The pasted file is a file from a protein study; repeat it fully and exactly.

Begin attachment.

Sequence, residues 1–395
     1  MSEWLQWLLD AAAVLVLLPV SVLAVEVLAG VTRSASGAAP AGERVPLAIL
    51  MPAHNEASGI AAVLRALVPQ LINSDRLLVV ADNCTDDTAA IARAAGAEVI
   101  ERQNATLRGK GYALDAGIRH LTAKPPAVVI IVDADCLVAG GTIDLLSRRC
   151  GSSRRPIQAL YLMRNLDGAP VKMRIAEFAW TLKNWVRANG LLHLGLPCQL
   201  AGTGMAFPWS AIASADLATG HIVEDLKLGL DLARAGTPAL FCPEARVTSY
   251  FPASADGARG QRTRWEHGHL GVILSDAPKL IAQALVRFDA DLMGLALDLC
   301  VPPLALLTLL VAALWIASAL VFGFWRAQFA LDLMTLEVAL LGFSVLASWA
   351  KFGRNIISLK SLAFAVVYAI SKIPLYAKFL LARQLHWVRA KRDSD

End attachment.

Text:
Sequence, residues 1–395
     1  MSEWLQWLLD AAAVLVLLPV SVLAVEVLAG VTRSASGAAP AGERVPLAIL
    51  MPAHNEASGI AAVLRALVPQ LINSDRLLVV ADNCTDDTAA IARAAGAEVI
   101  ERQNATLRGK GYALDAGIRH LTAKPPAVVI IVDADCLVAG GTIDLLSRRC
   151  GSSRRPIQAL YLMRNLDGAP VKMRIAEFAW TLKNWVRANG LLHLGLPCQL
   201  AGTGMAFPWS AIASADLATG HIVEDLKLGL DLARAGTPAL FCPEARVTSY
   251  FPASADGARG QRTRWEHGHL GVILSDAPKL IAQALVRFDA DLMGLALDLC
   301  VPPLALLTLL VAALWIASAL VFGFWRAQFA LDLMTLEVAL LGFSVLASWA
   351  KFGRNIISLK SLAFAVVYAI SKIPLYAKFL LARQLHWVRA KRDSD